According to Emerson’s website, the college’s ENS is called Blackboard Connect, and it can send alerts to students, faculty, and staff through phone calls, emails, and texts. The company that provides this service, Blackboard, also used to host Emerson’s course management software before the college switched to Canvas in 2013.

Schiazza said that students would recognize those “blasts” from the weather cancellation messages of this semester.

Emerson tests its ENS twice a year, according to Schiazza. The Clery Act requires a test annually.

Schiazza said the decision to send out a notification is made by the emergency management team who usually meet and draft the message. This team includes President M. Lee Pelton, ECPD Chief Robert Smith, and seven other administrators, according to a Feb. 15 email. 

ECPD has the authority to send out alerts without consulting the team in dire situations. Schiazza said that the only time he can remember ECPD doing that was during the Boston Marathon bombings.

Crimes that aren’t as urgent need to be available to the public as well, according to the Clery Act. Institutions are required to keep a daily log of every crime that is reported on campus. These logs include the time, location, and type of each crime.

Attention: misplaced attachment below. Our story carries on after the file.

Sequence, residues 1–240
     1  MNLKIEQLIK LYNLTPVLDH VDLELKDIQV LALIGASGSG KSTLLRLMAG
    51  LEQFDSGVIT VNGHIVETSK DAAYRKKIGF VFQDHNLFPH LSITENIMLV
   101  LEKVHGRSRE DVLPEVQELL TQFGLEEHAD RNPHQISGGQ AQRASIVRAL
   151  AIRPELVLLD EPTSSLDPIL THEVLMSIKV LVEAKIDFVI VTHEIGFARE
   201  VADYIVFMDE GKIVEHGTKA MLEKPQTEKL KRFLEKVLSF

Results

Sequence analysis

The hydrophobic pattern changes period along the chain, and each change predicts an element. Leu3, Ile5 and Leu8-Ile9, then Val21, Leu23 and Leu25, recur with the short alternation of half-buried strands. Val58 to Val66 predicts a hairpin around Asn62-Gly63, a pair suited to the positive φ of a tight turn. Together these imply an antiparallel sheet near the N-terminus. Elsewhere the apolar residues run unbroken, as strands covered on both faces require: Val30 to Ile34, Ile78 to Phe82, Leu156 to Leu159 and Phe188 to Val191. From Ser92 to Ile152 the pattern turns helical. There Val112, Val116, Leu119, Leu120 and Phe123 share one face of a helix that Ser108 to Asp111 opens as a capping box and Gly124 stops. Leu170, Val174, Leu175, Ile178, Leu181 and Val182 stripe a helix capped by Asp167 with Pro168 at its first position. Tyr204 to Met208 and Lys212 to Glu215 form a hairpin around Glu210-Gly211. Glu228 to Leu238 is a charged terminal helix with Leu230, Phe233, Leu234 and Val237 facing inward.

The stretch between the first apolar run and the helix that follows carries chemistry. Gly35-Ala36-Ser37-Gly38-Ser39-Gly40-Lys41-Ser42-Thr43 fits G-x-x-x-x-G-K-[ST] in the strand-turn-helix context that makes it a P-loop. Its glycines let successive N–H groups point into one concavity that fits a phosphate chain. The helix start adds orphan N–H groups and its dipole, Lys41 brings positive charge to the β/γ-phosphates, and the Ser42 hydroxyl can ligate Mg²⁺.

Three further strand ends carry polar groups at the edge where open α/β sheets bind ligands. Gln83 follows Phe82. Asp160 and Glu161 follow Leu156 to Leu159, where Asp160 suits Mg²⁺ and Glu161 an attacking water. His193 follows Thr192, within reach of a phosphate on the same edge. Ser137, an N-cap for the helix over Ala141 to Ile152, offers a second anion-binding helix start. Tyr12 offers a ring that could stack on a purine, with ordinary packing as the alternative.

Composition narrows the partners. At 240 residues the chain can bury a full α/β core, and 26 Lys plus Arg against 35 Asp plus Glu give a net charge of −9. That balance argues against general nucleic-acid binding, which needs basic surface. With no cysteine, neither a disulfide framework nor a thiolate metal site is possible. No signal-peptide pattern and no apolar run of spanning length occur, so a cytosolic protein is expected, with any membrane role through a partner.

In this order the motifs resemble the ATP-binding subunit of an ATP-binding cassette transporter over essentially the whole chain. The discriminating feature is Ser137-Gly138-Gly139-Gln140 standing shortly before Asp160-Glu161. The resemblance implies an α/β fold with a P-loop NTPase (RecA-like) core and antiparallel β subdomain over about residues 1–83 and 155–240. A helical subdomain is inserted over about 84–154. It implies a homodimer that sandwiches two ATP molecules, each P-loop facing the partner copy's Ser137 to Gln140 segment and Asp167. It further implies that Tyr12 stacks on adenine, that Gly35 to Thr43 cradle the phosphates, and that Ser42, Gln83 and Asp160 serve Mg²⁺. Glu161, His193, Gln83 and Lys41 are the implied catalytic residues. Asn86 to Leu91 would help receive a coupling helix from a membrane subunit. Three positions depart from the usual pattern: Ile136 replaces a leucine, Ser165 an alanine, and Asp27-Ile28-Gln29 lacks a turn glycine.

Schiazza said Emerson’s crime log includes everything that is reported to ECPD, not just those on the college’s official campus. The college also keeps a fire log.

Emerson is required, under the Clery Act, to have each log available to the public within two business days of its occurrence.

Schiazza said that seven years of the crime log for the Boston Campus, in physical books organized by year, are available at the ECPD dispatch center to be viewed by anyone.  

Along with the individual logs, institutions have to compile an Annual Security Report, due Oct. 1, for each campus and notify community members when it is published. The report is also sent to the U.S. Secretary of Education. According to the Clery Act, the report must compile the institution’s policies, crime statistics, campus authorities, and safety programs it offers.